(CNSNews.com) – Requesting nearly $800 million to encourage political and economic reforms in the Arab-Islamic world, the State Department in its fiscal year 2013 budget request Monday identified 11 specific targets.
They include countries where transitions are underway after violent upheavals – even though uncertainties and concerns about future directions persist (Egypt, Tunisia, Libya and Yemen); countries and territories where reforms have been proposed and to various degrees implemented but existing regimes remain in place (Jordan, Morocco, Bahrain, Lebanon and the Palestinian self-ruled territories); a country embroiled in a civil war (Syria) and one whose government has shown no sign of meeting citizens’ demands for change (Iran).
The department’s budget request declares that, as a strategic goal by the end of FY2013, it will “support continued progress toward or lay the foundations for transitions to accountable electoral democracies in 11 countries in the Middle East and North Africa (MENA) that respect civil and political liberties and human rights.”
The State Department is requesting $770 million – most of it “new money,” according to officials – for its proposed new Middle East and North Africa Incentive Fund, which it says aims “to respond strategically to the historical changes taking place across the region.”
In a letter accompanying the budget request, Secretary of State Hillary Clinton wrote that the fund would help the U.S. to “support citizens who have demanded change and governments that are working to deliver it. This ambitious fund is inspired by the courage and sacrifice of those seeking a better, freer future for the region and designed to help them realize their aspirations.”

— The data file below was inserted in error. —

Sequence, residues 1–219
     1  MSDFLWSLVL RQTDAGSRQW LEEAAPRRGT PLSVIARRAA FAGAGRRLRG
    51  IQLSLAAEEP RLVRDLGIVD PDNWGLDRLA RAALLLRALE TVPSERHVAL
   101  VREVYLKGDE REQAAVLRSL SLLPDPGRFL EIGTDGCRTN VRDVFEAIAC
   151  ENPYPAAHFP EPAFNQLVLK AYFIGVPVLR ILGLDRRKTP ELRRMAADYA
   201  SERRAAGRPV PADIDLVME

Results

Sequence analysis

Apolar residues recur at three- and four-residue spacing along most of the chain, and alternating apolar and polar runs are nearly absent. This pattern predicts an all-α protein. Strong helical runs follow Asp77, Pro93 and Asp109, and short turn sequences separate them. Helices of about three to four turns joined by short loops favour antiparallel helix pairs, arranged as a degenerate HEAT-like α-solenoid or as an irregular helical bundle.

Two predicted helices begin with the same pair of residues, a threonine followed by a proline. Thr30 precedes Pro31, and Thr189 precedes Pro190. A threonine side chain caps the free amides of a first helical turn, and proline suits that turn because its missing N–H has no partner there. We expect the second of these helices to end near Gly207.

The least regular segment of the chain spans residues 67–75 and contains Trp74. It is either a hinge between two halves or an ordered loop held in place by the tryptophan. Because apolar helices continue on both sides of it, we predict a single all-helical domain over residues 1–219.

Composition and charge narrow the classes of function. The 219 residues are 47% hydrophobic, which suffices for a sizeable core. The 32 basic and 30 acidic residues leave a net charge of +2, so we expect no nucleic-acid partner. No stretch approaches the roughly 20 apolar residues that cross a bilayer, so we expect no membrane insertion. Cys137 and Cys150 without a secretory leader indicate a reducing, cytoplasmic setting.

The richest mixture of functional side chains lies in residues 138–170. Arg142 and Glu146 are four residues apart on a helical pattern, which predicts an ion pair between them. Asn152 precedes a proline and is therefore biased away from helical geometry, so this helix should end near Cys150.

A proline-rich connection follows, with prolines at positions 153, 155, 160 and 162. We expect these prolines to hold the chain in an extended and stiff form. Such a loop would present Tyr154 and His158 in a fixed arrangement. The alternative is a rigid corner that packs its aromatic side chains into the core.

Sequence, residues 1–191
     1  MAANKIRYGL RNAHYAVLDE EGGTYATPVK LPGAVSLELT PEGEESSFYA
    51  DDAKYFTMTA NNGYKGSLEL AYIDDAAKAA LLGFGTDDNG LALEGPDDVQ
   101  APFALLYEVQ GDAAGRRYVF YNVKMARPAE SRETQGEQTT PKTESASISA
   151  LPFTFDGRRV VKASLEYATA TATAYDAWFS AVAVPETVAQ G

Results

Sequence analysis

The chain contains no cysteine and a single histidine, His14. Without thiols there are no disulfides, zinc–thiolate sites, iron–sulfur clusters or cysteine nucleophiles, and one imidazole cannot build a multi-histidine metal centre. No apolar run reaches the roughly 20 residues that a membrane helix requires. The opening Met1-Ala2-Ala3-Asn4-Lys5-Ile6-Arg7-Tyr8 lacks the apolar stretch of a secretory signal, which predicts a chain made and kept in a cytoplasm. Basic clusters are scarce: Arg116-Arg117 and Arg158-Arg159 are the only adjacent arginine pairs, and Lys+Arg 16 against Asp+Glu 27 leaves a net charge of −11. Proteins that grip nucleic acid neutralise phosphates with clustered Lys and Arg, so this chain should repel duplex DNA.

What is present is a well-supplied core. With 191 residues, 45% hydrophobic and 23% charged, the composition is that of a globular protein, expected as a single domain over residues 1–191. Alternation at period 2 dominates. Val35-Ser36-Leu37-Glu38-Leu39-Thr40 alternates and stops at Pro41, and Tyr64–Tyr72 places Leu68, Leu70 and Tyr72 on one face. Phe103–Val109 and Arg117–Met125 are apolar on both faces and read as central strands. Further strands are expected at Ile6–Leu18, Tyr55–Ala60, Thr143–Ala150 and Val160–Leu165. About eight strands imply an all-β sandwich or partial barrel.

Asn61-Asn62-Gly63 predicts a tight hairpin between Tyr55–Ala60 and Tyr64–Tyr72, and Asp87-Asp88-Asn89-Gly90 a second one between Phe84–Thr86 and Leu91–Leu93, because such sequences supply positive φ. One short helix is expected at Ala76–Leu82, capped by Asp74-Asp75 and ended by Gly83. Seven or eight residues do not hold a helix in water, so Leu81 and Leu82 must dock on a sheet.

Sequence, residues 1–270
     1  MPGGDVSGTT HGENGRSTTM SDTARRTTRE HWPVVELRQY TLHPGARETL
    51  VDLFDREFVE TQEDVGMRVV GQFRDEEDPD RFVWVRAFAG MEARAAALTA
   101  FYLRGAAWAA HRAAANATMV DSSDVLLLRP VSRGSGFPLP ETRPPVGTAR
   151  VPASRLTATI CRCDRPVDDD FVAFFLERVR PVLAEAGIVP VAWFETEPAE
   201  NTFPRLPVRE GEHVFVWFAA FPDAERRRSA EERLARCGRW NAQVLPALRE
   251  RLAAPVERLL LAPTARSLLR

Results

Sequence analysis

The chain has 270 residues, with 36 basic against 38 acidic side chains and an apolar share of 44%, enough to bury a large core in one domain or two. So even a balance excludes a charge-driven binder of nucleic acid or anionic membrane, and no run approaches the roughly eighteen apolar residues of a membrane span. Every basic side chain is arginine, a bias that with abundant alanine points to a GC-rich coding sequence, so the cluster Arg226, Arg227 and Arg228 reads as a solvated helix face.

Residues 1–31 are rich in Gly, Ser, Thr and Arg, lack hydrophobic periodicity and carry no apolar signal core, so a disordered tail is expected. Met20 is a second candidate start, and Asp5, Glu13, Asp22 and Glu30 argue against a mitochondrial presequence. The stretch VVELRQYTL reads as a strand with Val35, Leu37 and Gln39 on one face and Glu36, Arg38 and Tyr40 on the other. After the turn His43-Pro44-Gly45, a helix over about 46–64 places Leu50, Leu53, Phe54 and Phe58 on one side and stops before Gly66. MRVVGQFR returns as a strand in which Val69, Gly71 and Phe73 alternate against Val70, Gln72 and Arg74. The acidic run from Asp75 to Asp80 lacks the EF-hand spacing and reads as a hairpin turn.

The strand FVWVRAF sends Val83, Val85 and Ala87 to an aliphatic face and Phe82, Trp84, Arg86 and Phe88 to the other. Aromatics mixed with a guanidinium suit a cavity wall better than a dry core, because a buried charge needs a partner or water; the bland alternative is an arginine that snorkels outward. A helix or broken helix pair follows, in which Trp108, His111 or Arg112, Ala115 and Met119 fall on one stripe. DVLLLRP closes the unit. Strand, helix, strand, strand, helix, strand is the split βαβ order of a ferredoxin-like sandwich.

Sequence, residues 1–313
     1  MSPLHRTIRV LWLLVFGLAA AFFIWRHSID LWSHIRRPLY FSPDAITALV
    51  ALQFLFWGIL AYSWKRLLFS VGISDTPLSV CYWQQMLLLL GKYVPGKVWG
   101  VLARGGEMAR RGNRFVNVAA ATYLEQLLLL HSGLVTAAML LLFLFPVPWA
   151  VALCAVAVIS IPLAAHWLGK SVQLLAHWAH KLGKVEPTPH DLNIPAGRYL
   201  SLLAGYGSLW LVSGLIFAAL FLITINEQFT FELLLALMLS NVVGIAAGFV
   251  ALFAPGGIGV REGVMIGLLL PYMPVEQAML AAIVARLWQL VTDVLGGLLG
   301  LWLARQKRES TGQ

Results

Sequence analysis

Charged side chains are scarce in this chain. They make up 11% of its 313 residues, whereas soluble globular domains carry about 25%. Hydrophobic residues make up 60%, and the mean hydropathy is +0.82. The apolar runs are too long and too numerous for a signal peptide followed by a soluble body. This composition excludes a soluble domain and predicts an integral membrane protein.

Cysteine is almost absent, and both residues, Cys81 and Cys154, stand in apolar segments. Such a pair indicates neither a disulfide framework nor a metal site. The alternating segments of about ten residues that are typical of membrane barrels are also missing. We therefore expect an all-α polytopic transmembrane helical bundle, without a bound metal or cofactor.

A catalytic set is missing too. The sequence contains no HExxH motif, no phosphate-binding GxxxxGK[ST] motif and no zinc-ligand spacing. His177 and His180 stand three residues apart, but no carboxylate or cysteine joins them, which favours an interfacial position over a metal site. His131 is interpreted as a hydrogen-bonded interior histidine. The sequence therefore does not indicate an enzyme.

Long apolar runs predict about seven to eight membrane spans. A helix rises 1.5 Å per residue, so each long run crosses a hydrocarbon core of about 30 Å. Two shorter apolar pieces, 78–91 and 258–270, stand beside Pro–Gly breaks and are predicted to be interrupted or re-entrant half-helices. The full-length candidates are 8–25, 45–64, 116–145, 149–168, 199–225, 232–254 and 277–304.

While the fund will be focused primarily on supporting governments already committed to meaningful reform, it “will also allow us to respond to emerging opportunities to support early transitions so that nascent reforms can continue,” the budget document states. “Our response in 2011 to unfolding events demonstrated the need for funding in critical early periods.”
In 2011, the State Department had to scramble to find money to help support transitions in the region. Administration officials say it reallocated about $800 million in existing funds for that purpose.
“The Arab spring has come,” Thomas Nides, the department’s deputy secretary for management and resources, told a press briefing told a press briefing Monday. “We need to make sure we have the tools and the flexibility in which to fund these initiatives.”
“This is something we coordinated and talked a lot about with our friends on the Hill,” he said. Citing situations in Tunisia, Egypt and Syria, he said “the world is evolving as we see it, and we felt it was important to have a pool of money.”
Among other things, the new fund aims to support political reforms, elections, democratic institutions, government transparency, “vibrant civil society” and open markets.
“To ensure that American taxpayer dollars deliver results, the fund will be primarily focused on
supporting governments that demonstrate a commitment to undertake meaningful political and economic reform,” the department said.
It warned that failure would “risk reinforcing public cynicism and losing influence in a region critical to U.S. interests.”
Success, on the other hand, would offer “a very real opportunity to help generate lasting stability, security, and prosperity that will provide a firmer foundation for the pursuit of U.S. strategic interests and will reduce the risk that future instability will require us to commit greater resources there in the long term.”